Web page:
One thing I am certain of, and I am certain about very little, is that being a young adult isn’t a disaster.

It’s goddamn glorious.

You sound afraid and I get that. To say that there isn’t anything scary in life would be insulting. It’s a horror show sometimes. I read your words and I know I’m not telling you anything you don’t already know.

We can’t change that life is hard.

Since we can’t change it, then my best advice to you is to do something you love every day. Even if you have a shit job and difficult relationships to deal with, take at least a few minutes to do something you love, no matter what that is. Paint something badly. Read a book. Write a book. Masturbate. What you do is your business, but don’t deny yourself.Try to not wallow in pain as often as you can. The pain will always be there, that’s how life works. But pain doesn’t have to dictate everything. Do something you love and don’t apologize for it. Don’t feel bad if what you really want to do is make macaroni art like you did in Kindergarten. Spray paint that shit up and hang it on your fridge.

Don’t be afraid of taking your dreams further, either. Nobody, or at least very few people, achieve success at anything without falling down. Sometimes those falls are spectacular. Don’t be afraid to try even though you know you will fall. Until someone can definitively prove to me otherwise, then I have to believe that we have this one life. Finding joy and fulfillment should be a goal. The goal can even be figuring out what turns you on.

You are beautiful right now. I don’t care about your shape or your hair or your personal hygiene habits. Right this minute you are gorgeous. Appreciate your physical self and try to cast aside the bullshit that we get shoved down our throats about what is beautiful or what it means to be feminine. You are gorgeous. Find your own beauty and try to recognize the beauty in others. You are young and strong now, wave your arms around and dance and scream and twirl. In my experience, I grew stronger emotionally as I aged and I treasure my strength, I wish though, that I had appreciated more the physical strength of my youth.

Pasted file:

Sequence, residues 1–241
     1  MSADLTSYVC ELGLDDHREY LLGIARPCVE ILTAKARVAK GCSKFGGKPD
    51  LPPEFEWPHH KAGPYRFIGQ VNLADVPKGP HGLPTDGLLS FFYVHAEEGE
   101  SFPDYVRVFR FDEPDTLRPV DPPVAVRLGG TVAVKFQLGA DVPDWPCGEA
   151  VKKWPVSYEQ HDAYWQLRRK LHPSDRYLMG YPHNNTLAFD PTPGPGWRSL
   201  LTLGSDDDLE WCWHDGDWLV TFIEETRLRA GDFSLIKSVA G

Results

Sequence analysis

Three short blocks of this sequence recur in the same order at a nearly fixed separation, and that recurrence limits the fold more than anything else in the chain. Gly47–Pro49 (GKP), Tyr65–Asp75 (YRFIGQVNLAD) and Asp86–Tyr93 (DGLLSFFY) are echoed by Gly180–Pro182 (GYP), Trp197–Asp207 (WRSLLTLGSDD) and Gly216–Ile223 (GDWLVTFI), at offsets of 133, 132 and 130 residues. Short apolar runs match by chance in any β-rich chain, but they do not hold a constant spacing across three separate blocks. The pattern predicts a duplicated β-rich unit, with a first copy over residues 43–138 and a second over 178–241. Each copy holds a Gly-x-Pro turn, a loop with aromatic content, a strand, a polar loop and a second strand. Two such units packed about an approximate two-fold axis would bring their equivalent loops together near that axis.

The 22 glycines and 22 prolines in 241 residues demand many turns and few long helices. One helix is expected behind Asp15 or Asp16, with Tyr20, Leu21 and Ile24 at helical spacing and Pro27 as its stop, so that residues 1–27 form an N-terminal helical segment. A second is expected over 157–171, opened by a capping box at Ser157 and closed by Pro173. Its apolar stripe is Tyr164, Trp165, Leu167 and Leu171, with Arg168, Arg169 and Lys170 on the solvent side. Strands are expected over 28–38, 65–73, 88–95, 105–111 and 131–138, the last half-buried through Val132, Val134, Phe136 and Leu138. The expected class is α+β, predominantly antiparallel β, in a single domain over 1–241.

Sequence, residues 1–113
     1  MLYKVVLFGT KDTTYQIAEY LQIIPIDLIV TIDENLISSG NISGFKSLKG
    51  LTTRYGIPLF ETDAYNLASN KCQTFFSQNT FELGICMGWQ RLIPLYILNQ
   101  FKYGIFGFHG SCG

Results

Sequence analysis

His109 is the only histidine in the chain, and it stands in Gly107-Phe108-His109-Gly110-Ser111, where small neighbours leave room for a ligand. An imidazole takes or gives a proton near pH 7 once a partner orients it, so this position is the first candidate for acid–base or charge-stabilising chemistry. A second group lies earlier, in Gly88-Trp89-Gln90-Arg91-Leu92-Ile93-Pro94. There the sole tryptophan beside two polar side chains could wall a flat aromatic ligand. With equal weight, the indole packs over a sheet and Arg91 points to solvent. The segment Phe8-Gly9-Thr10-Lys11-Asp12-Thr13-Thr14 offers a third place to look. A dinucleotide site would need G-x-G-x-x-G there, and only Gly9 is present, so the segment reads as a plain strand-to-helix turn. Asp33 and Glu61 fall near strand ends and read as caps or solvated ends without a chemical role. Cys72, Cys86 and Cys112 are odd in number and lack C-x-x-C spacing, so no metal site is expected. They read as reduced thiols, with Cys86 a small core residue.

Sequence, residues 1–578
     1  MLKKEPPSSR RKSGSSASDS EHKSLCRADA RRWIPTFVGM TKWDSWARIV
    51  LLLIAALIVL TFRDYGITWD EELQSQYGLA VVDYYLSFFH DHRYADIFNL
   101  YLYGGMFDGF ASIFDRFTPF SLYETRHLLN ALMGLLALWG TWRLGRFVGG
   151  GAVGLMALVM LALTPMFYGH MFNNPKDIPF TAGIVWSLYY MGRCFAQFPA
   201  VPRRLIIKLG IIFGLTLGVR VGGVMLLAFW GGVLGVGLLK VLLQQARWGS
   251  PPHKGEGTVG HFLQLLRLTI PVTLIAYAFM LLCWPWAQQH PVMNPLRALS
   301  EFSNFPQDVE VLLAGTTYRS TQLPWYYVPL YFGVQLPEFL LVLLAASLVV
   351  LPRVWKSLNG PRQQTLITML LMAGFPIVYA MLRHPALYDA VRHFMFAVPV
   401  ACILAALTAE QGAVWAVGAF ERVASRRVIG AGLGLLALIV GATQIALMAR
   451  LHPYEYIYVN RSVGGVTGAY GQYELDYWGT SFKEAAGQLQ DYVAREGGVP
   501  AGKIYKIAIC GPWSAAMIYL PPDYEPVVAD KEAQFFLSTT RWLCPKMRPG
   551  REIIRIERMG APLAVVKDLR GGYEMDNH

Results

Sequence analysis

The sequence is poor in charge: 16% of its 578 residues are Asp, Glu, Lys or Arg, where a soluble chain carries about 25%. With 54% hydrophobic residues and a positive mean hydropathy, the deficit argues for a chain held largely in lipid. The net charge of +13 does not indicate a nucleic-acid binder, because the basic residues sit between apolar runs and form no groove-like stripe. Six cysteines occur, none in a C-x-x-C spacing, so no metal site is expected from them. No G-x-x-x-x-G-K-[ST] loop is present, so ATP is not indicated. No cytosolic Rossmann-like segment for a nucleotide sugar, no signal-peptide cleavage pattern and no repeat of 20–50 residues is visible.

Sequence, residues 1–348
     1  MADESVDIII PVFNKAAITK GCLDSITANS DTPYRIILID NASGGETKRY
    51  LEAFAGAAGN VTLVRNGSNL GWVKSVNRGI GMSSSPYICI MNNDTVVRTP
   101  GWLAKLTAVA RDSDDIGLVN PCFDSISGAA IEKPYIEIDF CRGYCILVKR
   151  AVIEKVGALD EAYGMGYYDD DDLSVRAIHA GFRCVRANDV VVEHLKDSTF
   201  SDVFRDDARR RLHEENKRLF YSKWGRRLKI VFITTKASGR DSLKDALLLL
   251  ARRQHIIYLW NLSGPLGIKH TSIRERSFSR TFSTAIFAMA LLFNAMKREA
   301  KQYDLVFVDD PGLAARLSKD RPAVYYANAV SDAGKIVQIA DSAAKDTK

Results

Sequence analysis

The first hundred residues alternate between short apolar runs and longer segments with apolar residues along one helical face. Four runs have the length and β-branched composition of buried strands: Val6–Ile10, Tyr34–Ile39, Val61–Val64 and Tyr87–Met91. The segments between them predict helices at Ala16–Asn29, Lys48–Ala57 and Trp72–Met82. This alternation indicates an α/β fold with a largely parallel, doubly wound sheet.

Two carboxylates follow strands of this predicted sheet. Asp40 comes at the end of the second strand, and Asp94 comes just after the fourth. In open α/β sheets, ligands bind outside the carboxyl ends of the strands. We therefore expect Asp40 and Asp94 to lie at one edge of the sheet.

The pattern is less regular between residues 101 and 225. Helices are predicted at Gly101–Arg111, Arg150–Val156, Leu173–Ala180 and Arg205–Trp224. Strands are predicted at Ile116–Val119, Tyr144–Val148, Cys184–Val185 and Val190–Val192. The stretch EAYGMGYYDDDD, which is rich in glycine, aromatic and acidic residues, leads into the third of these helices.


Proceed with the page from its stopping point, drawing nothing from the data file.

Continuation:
Can you avoid disaster? Little sister, I have no idea. Probably not. If it’s any consolation, I don’t know many people who get through life without at least three disasters and one apocalypse.

But disasters don’t negate when life is good. Take the lessons you can from your mistakes. Revel in life when you feel good. Let go of pain and try to not dwell on the times that you fall. Be kind as much as you can. Especially to yourself. If you are kind to yourself, it’s much easier to be kind to others.

The fact that you are asking these questions and have the bravery to talk about your painful past speaks volumes and I’m pretty sure it means that you are not giving yourself enough credit for the wisdom you already have.

One last thought, some things you read by people who are older and who seem to be disparaging of youth? Please take those words with a whole salt shaker of salt. Too many people find themselves older and instead of embracing the awesomeness that is aging, they mourn their youth and lash out. I’m not saying all of them. But never forget, that being old doesn’t ensure being wise. Believe in your own voice.

 

 

 

 

Advertisements